yakuza (n.)Related entries & more
traditional Japanese organized crime cartel, literally "eight-nine-three" (ya, ku, sa) the losing hand in the traditional baccarat-like Japanese card game Oicho-Kabu. The notion may be "good for nothing," or "bad luck" (such as that suffered by someone who runs afoul of them), or it may be a reference to the fact that a player who draws this hand requires great skill to win.
y'all (pron.)Related entries & more
Children learn from the slaves some odd phrases ... as ... will you all do this? for, will one of you do this? ["Arthur Singleton" (Henry C. Knight), "Letters from the South and West," 1824]
We-all for "us" is attested by 1865; we-uns by 1864. Who-all attested from 1899.
yam (n.)Related entries & more
1580s, igname (current form by 1690s), from Portuguese inhame or Spanish igname, from a West African language (compare Fulani nyami "to eat;" Twi anyinam "species of yam"); the word in American and Jamaican English probably is directly from West African sources. The Malay name is ubi, whence German öbiswurzel.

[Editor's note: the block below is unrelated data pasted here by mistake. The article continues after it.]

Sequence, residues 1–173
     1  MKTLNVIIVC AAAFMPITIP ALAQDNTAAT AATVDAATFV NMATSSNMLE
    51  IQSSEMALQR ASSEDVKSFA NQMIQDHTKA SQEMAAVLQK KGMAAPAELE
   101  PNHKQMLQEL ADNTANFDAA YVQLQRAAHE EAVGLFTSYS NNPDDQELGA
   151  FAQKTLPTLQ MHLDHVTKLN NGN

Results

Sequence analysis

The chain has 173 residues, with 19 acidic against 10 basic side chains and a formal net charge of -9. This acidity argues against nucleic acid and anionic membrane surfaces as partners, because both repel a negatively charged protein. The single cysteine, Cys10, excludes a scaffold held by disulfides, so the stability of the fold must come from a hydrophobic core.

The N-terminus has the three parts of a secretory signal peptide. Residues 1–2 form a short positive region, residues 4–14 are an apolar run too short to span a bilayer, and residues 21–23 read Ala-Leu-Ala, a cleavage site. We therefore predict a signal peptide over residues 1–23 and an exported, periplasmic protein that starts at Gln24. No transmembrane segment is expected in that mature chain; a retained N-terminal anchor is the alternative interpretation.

yammer (v.)Related entries & more
late 15c., "to lament," probably from Middle Dutch jammeren and cognate Middle English yeoumeren, "to mourn, complain," from Old English geomrian "to lament," from geomor "sorrowful," probably of imitative origin. Cognate with Old Saxon jamar "sad, sorrowful," German Jammer "lamentation, misery." Meaning "to make loud, annoying noise" is attested from 1510s. Related: Yammered; yammering.
yang (n.)Related entries & more
masculine or positive principle in Chinese philosophy, 1670s, from Mandarin yang, said to mean "male, daylight, solar," or "sun, positive, male genitals."
yank (v.)Related entries & more
"to pull, jerk," 1822, Scottish, of unknown origin. Related: Yanked; yanking. The noun is 1818 in sense of "sudden blow, cuff;" 1856 (American English) as "a sudden pull."
yap (v.)Related entries & more
1660s, "bark as a (small) dog," earlier as a noun, "yapping dog" (c. 1600), probably of imitative origin. Compare verb yamph in same sense (1718). Originally in reference to dog sounds; meaning "to talk idle chatter" is first recorded 1886. Related: Yapped; yapping. As a noun, 1826 in reference to the sound; 1900, American English slang as "mouth."